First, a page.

Web weirdness

Abigail abigail at abigail.be
Wed Jul 4 20:52:28 BST 2007

On Wed, Jun 20, 2007 at 01:34:32PM +0100, David Cantrell wrote:
> On Wed, Jun 20, 2007 at 12:36:08AM +0100, Aaron Crane wrote:
> > David Cantrell writes:
> > > Lots of URLs on my web site contain the ASCII string "&image" ...
> > HTML has a named entity "ℑ" which corresponds to the character U+2111
> > BLACK-LETTER CAPITAL I.  And, lo, that's the funny-looking character that
> > appears in the broken places.
> &image=... != ℑ
> Not even in EBCDIC.



  do {print "foo"}  !=  do {print "foo";}

yet, semantically, they are identical. In Perl, the semi-colon terminating
the statement is optional if Perl can deduce from what follows where the
statement ends. Same in HTML.

> > I'm not sure exactly where the brokenness is here, but I'm pretty sure that
> > something somewhere is failing to entity-encode this:
> >   .../photodetails.tt2?set=york-xmas-2005&image=commondale
> > to this:
> >   .../photodetails.tt2?set=york-xmas-2005&image=commondale
> > when it's used in HTML source.
> My understanding is that you didn't need to encode ampersands in URLs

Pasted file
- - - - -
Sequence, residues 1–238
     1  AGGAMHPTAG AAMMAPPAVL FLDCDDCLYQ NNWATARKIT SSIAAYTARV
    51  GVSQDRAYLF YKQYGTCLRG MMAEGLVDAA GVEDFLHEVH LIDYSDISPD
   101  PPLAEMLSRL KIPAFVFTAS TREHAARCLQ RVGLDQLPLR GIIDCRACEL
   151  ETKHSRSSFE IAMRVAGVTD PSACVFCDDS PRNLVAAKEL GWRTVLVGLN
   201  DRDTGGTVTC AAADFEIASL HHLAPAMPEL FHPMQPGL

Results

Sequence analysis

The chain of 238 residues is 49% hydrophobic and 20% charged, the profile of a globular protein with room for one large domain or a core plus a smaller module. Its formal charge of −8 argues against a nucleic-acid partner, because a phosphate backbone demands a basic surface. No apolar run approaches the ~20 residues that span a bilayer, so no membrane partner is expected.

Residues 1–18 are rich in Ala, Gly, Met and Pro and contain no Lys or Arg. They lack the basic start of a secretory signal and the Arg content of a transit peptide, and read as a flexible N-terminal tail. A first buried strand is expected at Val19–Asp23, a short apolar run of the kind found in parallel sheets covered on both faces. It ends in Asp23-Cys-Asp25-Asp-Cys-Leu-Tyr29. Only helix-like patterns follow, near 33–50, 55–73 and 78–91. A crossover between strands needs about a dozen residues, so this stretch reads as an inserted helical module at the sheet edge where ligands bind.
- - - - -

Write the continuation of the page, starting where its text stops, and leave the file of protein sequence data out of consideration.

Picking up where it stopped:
> unless they would otherwise look like the beginning of an entity - so
> the string '"' would have to be represented as '%XXquot;' or
> somesuch.

You are embedding two different things here. You have an URL embedded into
an HTML document. & doesn't need any *URL* encoding. However, HTML has no
specific knowledge about URLs. HTML knows PCDATA, CDATA, element names,
attribute names, attribute values, and such. And in attribute values, it
will consider &entities. Just as in PCDATA.

The choice of & to separate CGI parameters (which in themselves are a
minilanguage inside URLs) was a pretty poor one considering the role of
& in HTML documents. Luckily, since a past decade or so, CGI processors have
been able to parse query strings that use ; instead of & to separate

> > Then, presumably, something else is converting named entities to the
> > characters they represent.
> &image isn't a named entity though.  Anything that thinks it is is

Perhaps you should notify the W3C so they can update their standard.


> &image isn't a named entity though.  Anything that thinks it is is
> broken.  Browsers, for example, treat &image=blah correctly, it's only
> stuff pretending to be a browser (like WWW::Robot or one of its friends
> and relations) and other stuff that tries to parse HTML (like the
> Livejournal comment thingy) that gets it wrong.

"Browsers" typically fail to parse HTML 2.0 correctly - most browsers have
been coded by programmers that can't parse their way out of a wet paper
bag if their live depended on it. 


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